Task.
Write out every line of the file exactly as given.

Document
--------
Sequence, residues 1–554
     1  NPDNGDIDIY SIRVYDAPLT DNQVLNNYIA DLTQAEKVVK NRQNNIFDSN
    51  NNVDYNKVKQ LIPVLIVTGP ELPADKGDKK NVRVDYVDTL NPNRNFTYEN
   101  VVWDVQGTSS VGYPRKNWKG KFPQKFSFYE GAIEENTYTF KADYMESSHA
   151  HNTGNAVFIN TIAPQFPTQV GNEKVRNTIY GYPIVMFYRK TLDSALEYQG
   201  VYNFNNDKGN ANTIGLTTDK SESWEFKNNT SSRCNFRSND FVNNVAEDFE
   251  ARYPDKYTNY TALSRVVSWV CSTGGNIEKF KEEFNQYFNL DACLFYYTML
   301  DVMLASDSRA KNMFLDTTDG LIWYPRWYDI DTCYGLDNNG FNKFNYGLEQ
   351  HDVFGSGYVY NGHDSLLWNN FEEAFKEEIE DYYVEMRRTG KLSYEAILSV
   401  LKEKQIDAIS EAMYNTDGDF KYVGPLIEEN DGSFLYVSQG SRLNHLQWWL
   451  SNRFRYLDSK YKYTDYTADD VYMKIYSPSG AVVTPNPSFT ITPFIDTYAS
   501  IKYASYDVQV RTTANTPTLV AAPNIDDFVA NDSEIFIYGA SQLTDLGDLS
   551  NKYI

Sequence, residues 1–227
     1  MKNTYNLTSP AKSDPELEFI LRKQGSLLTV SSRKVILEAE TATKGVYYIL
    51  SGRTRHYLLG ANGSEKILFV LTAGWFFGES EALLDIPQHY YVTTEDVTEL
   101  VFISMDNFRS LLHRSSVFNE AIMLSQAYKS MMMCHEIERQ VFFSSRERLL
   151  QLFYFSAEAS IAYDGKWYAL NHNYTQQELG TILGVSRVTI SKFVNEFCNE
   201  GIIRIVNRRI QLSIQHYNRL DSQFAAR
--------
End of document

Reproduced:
Sequence, residues 1–554
     1  NPDNGDIDIY SIRVYDAPLT DNQVLNNYIA DLTQAEKVVK NRQNNIFDSN
    51  NNVDYNKVKQ LIPVLIVTGP ELPADKGDKK NVRVDYVDTL NPNRNFTYEN
   101  VVWDVQGTSS VGYPRKNWKG KFPQKFSFYE GAIEENTYTF KADYMESSHA
   151  HNTGNAVFIN TIAPQFPTQV GNEKVRNTIY GYPIVMFYRK TLDSALEYQG
   201  VYNFNNDKGN ANTIGLTTDK SESWEFKNNT SSRCNFRSND FVNNVAEDFE
   251  ARYPDKYTNY TALSRVVSWV CSTGGNIEKF KEEFNQYFNL DACLFYYTML
   301  DVMLASDSRA KNMFLDTTDG LIWYPRWYDI DTCYGLDNNG FNKFNYGLEQ
   351  HDVFGSGYVY NGHDSLLWNN FEEAFKEEIE DYYVEMRRTG KLSYEAILSV
   401  LKEKQIDAIS EAMYNTDGDF KYVGPLIEEN DGSFLYVSQG SRLNHLQWWL
   451  SNRFRYLDSK YKYTDYTADD VYMKIYSPSG AVVTPNPSFT ITPFIDTYAS
   501  IKYASYDVQV RTTANTPTLV AAPNIDDFVA NDSEIFIYGA SQLTDLGDLS
   551  NKYI

Sequence, residues 1–227
     1  MKNTYNLTSP AKSDPELEFI LRKQGSLLTV SSRKVILEAE TATKGVYYIL
    51  SGRTRHYLLG ANGSEKILFV LTAGWFFGES EALLDIPQHY YVTTEDVTEL
   101  VFISMDNFRS LLHRSSVFNE AIMLSQAYKS MMMCHEIERQ VFFSSRERLL
   151  QLFYFSAEAS IAYDGKWYAL NHNYTQQELG TILGVSRVTI SKFVNEFCNE
   201  GIIRIVNRRI QLSIQHYNRL DSQFAAR